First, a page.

An abstract photograph by Paul Kenny

Seaworks

Bun Na Spheire (Frame 120)

Never let it feel like a cliché to say nature is amazing. We say it because it’s true and is essential to remember. When we’re caught up in the relentless, fast pace of life’s daily demands, it’s important to remember the world has more to offer than this routine; wonder and beauty are built into its essence—even the most prosaic elements.

This is what Paul Kenny achieves in Seaworks. He reveals the wonder of the world not by focusing on its awe-inspiring enormity but rather on its almost incomprehensible detail. Kenny’s technique is to arrange onto glass plates the materials he forages from beaches which he then scans and enlarges into works, which appear as photographs, or are backlit on light-boxes. The results capture a spectacular microscopic level of detail, and the distinct textures of each element. The artworks feel different to a more standard photography, like a process of collaboration with materials: Kenny is a composer, and the outcomes are ultimately in the hands of nature and what it provides him. 

Accidents such as the breaking of a plate are embraced as part of the work, part of the process. In these light-box works illumination adds vivacity. Colour is amplified and hyper-defined and yet this somehow emphasises the organic qualities of the subject; they retain the essence of the material: water is blue, rust orange. While observing the patterns running across the pebbles of ‘Scrimshaw No. 2’—a term usually reserved for the whaler’s art of carving into bone—one wonders how the human hand could ever improve on these patterns of nature.

An installation of shot of the exhibition featuring a three large framed photographs by Paul Kenny
Paul Kenny, Seaworks, The Atkinson, 2021

Kenny’s presence is possibly most felt through titles. Some are simply the names of the places these pieces have been built from, locations across the tempestuous coasts of Ireland, Scotland and Northumberland. Elsewhere a mood is set by a musical reference, as when ‘Heaven, or Las Vegas’ gives an arrangement of pebbles a deeper atmosphere. However, when he refers to a particular landscape or natural feature, we must be on our guard, for as we seek these shapes out for ourselves, we should remember these are in fact imaginings based on Kenny’s personal associations and recollections. The scattered depictions of a moon or mountain range are the closest Kenny comes to inserting himself directly into the work. They’re markers of the places, objects and memories which must be important to him. In doing so, Kenny reveals his personal connection to nature.      

It’s easy and instinctual to get lost in the awe-inspiring intricacies of his subjects though the titles’ suggestions of specific places and objects bring us back to the fact that all this dazzling beauty is not actually all that other-worldly. These were born from the very real realms of Earth’s nature, which are a wonder in themselves. You may never have seen a droplet of sea water look more beguilingly like a whole new dimension than it does in ‘Blue Moon Over Cheswick’ but the awe is rooted in the realisation that it actually depicts an everyday element of our experience. To contemplate the journey from the beach to this work is to consider our own place in nature: how have such droplets and stones shaped our own experience and what do we gain by taking a more focused perspective on them for a while?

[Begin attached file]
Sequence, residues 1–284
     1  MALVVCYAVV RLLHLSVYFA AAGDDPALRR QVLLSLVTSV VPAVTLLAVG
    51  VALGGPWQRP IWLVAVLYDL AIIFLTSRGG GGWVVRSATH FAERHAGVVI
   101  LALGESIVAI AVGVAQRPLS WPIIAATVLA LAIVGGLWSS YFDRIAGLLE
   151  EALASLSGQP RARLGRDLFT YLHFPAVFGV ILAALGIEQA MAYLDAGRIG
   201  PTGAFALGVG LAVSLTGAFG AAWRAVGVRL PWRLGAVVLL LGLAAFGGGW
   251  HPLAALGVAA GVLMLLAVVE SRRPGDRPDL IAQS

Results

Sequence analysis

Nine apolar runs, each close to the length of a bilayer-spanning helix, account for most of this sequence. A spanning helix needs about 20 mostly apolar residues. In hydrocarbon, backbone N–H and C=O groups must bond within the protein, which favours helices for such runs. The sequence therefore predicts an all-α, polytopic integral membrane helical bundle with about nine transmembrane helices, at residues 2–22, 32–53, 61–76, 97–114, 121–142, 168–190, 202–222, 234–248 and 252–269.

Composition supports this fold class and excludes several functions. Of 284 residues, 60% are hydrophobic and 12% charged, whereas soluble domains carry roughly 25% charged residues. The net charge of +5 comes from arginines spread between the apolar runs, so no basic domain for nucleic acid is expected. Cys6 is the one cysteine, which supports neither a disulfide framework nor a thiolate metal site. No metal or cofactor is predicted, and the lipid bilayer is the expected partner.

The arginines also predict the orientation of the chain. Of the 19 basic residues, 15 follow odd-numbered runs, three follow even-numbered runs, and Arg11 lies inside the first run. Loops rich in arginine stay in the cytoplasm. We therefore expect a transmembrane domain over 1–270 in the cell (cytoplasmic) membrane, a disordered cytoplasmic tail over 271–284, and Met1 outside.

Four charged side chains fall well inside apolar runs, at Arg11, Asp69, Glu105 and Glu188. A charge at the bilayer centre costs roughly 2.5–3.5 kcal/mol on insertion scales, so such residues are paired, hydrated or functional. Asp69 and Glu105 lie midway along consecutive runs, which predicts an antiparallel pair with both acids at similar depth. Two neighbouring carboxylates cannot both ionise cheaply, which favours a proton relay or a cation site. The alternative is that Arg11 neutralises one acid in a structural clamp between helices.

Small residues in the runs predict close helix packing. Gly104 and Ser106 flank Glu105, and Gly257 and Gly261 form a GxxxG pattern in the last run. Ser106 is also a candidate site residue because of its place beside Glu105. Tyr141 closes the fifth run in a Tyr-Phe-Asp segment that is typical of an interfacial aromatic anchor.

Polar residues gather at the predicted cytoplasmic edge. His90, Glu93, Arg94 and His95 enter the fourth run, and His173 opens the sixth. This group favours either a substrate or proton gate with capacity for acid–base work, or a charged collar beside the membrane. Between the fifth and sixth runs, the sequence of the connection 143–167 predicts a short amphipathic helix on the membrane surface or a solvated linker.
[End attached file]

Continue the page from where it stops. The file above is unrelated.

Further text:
Kenny uses the word ‘transience’ in both the exhibition literature and a personal statement about the artworks. Certainly there’s a sense of fragility that resonates through Seaworks. It’s there in the very way these images have been composed. They never quite overcome the sense that their composition has been delicately managed, as though their structure may still be upended at any moment by a single, subtle motion. Transience is further explored, to great effect, in ‘The Bottom of the Sky’. Stepping round the corner into the viewing space may give you the first impression that this is a film but Kenny prefers the description ‘moving stills’ and it’s easy to appreciate the difference. One single image morphs in front of our eyes; its structure never changes its details do, constantly. Look away for a moment and the whole thing may be entirely new, although it never feels stuck in transit. It’s rather a constant flow between complete works, in which almost every frame feels finished in its own right. As a visitor, you may be aware of this work before you step into the viewing space due to waves of sound from the work’s gently inspirational soundtrack by Richard J Birkin, occasionally washing over the whole gallery. 

In places there are hints that all is not well in this world, that other substances encroach on this unspoiled beauty. ‘Plastic Sea No.3’—a photograph capturing a composition of aqueous blues and rippling textures—is blended in such a way that it takes a moment for the presence of artificial wrapping filmto register. ‘Sea Metal Plastic’ is much less subtle, its toxic green and orange palette contrasting alarmingly against the vital tones of the other works. These artworks are necessary parts of the story for Kenny’s sites of investigation, reminding us that the effects of our plastic crisis interrupt the rhythm of even the most wondrous views. However, Kenny’s approach to an environmentalism, such as it is, focuses more on employing visual pleasure as a strategy to make us properly admire nature’s marvels. Seaworks brings into focus the smallest elements of the sublime, not only bringing their beauty to our attention but revealing and demanding a deep love and respect for its subjects as it does so.


Julia Johnson is a writer based in Liverpool

Seaworks by Paul Kenny continues at The Atkinson, Southport until Saturday 23 October 2021. 

This review is supported by The Atkinson.

Published 21.10.2021 by Roy Claire Potter in Review

981 words